9 Tips To Help Avoid Acne Breakouts From Shaving

Shaving does not cause acne, however shaving with existing acne breakouts and shaving with a dirty razor can spread acne causing bacteria and exacerbate existing acne breakouts on sensitive, acne prone skin.

In this article we’ll review several tips and product recommendations men with acne prone skin can follow to minimize the chances of spreading acne or rupturing existing pimples by shaving including razor maintenance, hair care tips, razor alternatives, and proper shaving after care.

Lastly, we’ll discuss how shaving can actually help keep the skin clear by removing dead skin cells and oil.

With all of this in mind, to prevent post-shave breakouts, it’s important not only to practice safe and hygienic shaving practices but also to pick the best shaving products for your skin type and needs. 

1. Soften facial hair

Wash the face with warm water and a non-comedogenic, hydrating face wash before applying shaving cream. This will soften the hair follicles and lessen the chances of small cuts during shaving. This also reduces the need to shave over the same area multiple times, which can cause hair, shaving cream, oil or other debris to be rubbed into the pores.

2. Use a sharp, clean razor

A sharp, clean razor provides a clean shave and minimizes the chances of irritating the skin or rupturing existing pimples, whereas a dull razor will cause drag when shaving, and is much more likely to create micro tears in the skin which can become infected with bacteria and trigger acne breakouts.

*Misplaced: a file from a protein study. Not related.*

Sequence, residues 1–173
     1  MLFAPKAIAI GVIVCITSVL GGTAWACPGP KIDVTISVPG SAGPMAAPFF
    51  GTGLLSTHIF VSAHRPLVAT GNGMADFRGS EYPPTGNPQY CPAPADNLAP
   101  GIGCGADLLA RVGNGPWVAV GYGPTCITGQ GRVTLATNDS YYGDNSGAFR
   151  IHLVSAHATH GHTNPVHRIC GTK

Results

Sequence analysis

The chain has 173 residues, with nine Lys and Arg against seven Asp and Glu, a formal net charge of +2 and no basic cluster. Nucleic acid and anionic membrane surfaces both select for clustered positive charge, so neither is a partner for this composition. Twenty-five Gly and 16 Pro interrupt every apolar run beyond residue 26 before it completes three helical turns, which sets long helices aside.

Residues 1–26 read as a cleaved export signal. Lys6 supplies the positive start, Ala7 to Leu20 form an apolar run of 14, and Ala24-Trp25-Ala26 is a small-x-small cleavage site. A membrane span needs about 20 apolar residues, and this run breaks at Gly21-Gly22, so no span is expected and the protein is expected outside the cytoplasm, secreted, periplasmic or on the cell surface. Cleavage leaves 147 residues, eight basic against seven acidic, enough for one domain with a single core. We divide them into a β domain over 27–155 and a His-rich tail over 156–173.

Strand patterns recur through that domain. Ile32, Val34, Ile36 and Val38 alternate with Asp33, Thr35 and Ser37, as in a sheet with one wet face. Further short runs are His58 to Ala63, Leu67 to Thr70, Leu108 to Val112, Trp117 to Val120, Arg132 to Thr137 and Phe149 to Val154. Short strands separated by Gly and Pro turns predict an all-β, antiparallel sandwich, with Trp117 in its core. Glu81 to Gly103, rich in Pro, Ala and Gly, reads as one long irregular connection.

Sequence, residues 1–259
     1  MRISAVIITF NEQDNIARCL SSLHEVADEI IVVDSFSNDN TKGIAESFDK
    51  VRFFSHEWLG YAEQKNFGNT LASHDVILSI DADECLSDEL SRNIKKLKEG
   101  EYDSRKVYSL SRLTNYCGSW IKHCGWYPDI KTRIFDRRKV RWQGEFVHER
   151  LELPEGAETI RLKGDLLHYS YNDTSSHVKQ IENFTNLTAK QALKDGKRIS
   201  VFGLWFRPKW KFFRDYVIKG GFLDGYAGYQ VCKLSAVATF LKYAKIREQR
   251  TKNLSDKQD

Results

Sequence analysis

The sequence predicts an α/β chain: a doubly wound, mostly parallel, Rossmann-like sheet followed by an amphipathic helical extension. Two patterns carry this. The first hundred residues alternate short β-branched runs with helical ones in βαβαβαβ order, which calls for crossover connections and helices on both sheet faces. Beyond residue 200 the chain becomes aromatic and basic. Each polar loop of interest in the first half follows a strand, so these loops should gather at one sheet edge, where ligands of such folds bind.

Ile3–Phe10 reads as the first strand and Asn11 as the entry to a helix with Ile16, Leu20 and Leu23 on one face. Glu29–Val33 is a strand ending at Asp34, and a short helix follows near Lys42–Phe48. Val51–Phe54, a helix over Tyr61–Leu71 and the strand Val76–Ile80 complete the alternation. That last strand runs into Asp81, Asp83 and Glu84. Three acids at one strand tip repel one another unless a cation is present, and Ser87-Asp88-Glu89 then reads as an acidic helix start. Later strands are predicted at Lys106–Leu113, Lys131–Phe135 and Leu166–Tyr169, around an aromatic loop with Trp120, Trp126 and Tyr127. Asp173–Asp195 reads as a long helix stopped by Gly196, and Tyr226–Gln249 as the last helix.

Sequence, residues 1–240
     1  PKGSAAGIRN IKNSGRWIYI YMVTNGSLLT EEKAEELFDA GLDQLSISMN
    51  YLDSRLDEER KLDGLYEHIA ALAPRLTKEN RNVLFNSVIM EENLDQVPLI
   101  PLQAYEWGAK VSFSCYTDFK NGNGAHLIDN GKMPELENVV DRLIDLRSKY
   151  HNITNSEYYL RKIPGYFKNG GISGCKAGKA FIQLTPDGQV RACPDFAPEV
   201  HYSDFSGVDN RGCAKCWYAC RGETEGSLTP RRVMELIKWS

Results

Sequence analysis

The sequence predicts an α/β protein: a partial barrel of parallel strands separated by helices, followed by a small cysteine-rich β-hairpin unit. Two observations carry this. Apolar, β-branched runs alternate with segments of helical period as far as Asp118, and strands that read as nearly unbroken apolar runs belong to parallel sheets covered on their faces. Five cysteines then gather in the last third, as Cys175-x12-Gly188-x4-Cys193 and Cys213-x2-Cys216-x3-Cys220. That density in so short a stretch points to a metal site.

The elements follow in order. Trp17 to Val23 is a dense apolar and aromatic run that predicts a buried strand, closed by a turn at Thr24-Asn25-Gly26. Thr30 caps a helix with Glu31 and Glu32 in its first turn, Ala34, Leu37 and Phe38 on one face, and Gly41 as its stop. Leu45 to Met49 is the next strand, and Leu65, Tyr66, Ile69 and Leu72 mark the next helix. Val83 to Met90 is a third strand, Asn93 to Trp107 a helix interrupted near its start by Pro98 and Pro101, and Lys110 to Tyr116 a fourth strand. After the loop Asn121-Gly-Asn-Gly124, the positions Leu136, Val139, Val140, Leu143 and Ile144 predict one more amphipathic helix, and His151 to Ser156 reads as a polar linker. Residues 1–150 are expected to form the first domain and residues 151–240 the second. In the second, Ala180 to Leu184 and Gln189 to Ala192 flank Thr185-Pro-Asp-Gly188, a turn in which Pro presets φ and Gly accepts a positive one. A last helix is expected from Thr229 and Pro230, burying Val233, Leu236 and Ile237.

Dirty razors usually contain bacteria, oil, and shaving cream from previous shaves, which can be spread into the pores if used repeatedly. In order to mitigate the chances of shaving with a dirty or dull razor you should wash off your razor every time you use it and change blades at the first signs of rust or pulling from the razor.

If you are interested in finding an acne safe razor, our team put together a review of several acne safe razors.

If you decide to pick out a razor on your own we have a few tips below that should help with your selection process:

  • Choose a razor with a skin guard to reduce friction and prevent irritation, especially important for sensitive or inflamed skin.
  • Select a multi-blade razor with closely spaced blades to minimize skin tugging and irritation.
  • Consider a single-blade razor for a simpler, gentler approach, particularly beneficial for acne-prone, sensitive skin.

3. Use a non-comedogenic shaving cream

Using non-comedogenic shaving cream is essential when shaving acne prone skin, because it minimizes the chances of clogging the pores. Blocked pores are a primary cause of acne, as they trap oil, dirt, and bacteria, leading to breakouts. Non-comedogenic products are less likely to contain ingredients that can cause pore blockages or skin irritation, which mitigate the likelihood of acne formation. Make sure to check the ingredients of your shaving cream to make sure it is safe for acne prone skin. In particular, make sure it does not contain the following ingredients:

  • Alcohol: Can dry out and irritate sensitive skin, leading to an overproduction of oil.